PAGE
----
A friend blessed me with a book by Karl Rahner (SJ, or some such) titled as shown above. Many passages are worth passing along; here are a few.
“Our love of God and our prayer have one difficulty in common. They will succeed only if we lose the very thought of what we are doing in the thought of Him for Whom we are doing it. To be concerned mainly with the correct way to love or the correct way to pray, entails almost inevitable failure in the realization of either activity. It is useful to consider these matters in retrospect by meditating on the nature of the love of God and on the nature of prayer; it is useful to attempt to describe what the act of love or the act of prayer really entails. Yet, to some extent, such meditation destroys the very act itself, for we cannot really perform an act and at the same time be preoccupied with the mechanics of our doing it.”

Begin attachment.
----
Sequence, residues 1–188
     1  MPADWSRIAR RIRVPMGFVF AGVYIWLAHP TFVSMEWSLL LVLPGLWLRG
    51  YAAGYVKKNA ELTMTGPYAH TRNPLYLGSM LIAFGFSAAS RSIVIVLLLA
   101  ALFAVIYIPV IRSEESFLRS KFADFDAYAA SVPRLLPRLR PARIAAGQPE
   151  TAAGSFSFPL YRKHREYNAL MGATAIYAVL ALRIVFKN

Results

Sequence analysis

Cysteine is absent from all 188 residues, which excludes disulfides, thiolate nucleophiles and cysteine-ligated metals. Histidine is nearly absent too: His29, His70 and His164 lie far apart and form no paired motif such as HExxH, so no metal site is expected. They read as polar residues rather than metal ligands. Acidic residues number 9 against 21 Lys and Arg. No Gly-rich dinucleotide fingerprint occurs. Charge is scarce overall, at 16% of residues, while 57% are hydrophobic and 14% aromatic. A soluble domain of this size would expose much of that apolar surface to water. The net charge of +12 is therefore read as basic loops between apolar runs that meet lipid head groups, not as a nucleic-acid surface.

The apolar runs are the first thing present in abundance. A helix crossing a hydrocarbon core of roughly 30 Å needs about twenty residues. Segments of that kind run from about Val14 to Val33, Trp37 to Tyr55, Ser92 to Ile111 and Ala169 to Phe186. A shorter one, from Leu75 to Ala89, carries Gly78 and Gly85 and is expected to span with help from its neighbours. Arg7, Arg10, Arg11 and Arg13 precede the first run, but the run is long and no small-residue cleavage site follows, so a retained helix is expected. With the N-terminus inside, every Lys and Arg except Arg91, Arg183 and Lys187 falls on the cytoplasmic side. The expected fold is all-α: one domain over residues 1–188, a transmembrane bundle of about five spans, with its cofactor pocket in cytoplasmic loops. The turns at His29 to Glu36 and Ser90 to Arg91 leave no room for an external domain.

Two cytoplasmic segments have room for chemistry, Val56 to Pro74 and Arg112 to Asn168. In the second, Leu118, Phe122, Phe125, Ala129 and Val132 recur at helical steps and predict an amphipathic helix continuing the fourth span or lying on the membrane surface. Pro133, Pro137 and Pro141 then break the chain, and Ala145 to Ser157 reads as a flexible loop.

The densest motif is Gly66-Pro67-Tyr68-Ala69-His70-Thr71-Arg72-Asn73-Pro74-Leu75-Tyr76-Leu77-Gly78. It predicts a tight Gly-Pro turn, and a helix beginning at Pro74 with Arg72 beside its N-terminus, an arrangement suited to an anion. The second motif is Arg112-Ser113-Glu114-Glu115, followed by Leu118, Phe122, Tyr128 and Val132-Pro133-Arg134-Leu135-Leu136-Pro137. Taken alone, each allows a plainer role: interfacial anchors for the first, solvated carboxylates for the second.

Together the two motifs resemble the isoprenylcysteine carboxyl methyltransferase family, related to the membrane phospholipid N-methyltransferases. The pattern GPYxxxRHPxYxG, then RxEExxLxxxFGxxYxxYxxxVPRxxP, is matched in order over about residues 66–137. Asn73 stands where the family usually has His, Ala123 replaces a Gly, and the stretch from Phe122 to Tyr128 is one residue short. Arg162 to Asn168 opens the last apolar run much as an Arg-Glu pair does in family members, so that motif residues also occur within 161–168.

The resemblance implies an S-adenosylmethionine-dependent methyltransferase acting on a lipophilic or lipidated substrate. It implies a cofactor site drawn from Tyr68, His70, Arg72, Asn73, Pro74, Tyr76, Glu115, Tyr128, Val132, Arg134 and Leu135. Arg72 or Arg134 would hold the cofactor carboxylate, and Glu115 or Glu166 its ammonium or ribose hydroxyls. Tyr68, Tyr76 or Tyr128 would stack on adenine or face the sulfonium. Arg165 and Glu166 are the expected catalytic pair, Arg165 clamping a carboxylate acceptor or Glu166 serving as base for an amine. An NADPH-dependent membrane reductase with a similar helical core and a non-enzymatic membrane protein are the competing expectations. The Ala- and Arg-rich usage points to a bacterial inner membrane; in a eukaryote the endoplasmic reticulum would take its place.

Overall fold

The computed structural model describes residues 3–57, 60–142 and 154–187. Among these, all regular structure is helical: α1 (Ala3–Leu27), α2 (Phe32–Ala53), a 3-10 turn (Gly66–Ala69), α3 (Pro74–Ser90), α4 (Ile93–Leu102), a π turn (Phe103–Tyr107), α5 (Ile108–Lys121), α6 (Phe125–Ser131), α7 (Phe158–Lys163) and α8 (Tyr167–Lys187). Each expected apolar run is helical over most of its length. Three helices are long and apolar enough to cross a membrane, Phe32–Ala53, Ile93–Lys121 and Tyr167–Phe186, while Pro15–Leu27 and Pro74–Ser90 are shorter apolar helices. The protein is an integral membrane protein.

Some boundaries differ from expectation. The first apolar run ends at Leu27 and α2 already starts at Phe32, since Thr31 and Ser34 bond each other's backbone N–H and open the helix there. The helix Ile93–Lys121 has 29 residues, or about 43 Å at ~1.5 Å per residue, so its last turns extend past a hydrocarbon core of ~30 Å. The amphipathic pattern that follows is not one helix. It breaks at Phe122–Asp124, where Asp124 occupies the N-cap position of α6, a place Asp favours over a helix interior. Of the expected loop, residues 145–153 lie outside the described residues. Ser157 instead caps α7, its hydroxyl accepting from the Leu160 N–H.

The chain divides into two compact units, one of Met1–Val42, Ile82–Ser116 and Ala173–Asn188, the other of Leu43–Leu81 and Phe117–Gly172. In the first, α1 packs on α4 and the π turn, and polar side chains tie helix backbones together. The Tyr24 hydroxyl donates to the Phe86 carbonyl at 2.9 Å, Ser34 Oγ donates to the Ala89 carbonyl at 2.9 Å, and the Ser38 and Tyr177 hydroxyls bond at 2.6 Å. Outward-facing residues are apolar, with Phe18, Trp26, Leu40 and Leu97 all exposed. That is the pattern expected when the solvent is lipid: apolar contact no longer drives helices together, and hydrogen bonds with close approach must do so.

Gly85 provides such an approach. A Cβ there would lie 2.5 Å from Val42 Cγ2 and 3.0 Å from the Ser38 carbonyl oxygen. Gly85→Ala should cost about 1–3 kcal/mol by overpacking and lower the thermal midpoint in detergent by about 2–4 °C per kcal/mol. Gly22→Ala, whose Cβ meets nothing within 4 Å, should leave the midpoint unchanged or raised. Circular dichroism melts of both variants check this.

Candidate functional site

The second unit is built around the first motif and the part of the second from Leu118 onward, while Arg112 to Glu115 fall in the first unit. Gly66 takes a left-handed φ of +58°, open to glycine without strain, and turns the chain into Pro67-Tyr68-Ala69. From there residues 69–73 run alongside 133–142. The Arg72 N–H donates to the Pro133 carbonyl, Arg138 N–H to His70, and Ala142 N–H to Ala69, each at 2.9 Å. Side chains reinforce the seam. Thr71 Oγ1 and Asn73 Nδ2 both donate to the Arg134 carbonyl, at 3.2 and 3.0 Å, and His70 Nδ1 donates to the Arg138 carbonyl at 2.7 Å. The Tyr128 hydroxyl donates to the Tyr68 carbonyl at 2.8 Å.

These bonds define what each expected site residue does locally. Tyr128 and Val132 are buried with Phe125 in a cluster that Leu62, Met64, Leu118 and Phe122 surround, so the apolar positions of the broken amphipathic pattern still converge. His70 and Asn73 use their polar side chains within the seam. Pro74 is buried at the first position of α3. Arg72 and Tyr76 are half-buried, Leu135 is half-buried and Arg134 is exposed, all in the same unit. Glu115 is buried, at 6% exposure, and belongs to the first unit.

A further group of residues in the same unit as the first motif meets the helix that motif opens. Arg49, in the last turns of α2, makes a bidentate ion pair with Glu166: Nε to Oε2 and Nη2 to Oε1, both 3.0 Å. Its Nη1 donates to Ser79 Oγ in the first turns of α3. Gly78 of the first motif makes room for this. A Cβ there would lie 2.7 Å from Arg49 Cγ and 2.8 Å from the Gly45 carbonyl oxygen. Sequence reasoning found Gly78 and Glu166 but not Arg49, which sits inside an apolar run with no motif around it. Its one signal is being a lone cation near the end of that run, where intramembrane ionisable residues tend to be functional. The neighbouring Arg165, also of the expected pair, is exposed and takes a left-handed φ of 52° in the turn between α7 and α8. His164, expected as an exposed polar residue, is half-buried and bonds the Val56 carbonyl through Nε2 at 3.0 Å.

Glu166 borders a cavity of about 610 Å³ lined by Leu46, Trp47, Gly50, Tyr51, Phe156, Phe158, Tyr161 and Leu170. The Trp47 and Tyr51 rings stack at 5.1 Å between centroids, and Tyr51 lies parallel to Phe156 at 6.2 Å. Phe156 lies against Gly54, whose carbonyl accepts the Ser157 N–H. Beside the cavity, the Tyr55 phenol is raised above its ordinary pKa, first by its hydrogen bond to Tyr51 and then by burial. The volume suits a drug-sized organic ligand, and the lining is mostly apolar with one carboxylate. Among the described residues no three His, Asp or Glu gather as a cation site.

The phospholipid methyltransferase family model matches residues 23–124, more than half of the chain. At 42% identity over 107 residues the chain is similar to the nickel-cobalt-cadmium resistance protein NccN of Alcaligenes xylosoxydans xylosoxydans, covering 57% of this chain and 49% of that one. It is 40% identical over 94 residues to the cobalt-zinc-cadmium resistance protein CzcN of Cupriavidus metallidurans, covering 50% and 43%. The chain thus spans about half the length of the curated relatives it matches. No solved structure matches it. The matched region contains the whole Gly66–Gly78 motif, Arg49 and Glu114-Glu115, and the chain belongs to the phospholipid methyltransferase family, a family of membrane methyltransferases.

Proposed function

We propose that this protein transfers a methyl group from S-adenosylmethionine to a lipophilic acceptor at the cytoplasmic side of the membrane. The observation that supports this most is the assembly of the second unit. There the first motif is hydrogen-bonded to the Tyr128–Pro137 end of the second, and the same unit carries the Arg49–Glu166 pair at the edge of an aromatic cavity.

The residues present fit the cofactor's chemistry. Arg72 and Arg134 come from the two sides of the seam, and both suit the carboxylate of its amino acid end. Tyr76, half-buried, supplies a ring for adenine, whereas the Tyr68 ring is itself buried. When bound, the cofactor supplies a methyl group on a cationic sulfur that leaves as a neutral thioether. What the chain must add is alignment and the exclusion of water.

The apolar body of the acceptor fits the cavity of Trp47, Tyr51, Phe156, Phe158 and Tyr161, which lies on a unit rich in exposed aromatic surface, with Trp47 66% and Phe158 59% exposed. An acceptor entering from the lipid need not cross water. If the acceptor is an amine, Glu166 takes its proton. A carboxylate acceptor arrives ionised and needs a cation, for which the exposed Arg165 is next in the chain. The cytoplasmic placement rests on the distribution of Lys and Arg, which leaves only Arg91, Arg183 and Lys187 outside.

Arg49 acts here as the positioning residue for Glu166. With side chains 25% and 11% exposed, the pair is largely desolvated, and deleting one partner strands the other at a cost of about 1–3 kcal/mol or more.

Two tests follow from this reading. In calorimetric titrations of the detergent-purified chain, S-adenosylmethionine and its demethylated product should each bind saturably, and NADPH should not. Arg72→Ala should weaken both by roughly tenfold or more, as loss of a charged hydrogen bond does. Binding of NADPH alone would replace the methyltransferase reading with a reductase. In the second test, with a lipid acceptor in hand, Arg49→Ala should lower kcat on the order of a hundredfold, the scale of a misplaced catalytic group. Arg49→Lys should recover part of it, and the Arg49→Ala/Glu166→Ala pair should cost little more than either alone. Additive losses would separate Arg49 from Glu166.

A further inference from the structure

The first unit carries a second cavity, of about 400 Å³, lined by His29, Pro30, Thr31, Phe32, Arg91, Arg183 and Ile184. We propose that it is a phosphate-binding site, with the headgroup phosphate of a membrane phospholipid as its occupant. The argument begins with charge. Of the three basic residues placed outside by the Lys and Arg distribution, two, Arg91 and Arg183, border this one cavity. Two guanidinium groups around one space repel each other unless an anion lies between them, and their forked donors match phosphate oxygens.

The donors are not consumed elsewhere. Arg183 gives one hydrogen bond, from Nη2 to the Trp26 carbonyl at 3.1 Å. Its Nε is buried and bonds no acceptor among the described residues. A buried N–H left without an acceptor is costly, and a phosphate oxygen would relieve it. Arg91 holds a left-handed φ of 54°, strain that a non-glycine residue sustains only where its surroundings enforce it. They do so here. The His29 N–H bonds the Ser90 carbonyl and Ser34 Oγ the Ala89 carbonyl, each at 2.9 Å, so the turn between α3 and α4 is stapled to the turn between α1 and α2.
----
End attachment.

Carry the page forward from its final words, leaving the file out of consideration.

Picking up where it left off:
Quoting St. Augustine’s famous statement, “Thou hast made us for Thyself, O Lord, and our heart is restless until it rests in Thee,” he goes on to say:
“Deep in our buried heart, we find this seed of the Divine, this restless searching out towards something infinitely beyond the things of this world; and we find strength to pray:
“Our Father Who art in the depths of my heart, transforming its hallow emptiness into a heaven on earth, Hallowed be Thy Name, even in the death-like silence of my ignorance and my lack of faith; Thy Kingdom come in the very midst of my desolation; Thy will be done in me, even if it means pain and death; Thy will be done in me, for Thy will is my true life; Give us this day our daily bread, for I am utterly dependent upon Thy Divine Providence; Forgive us our trespasses – those sins which are ultimately but treason against Thy love for us, and therefore treason against myself; Deliver us from evil-from the evil of centering our lives upon ourselves, in order that we may learn that Thou are the center of all, and that only in Thee can we find freedom worthy of the sons of God.”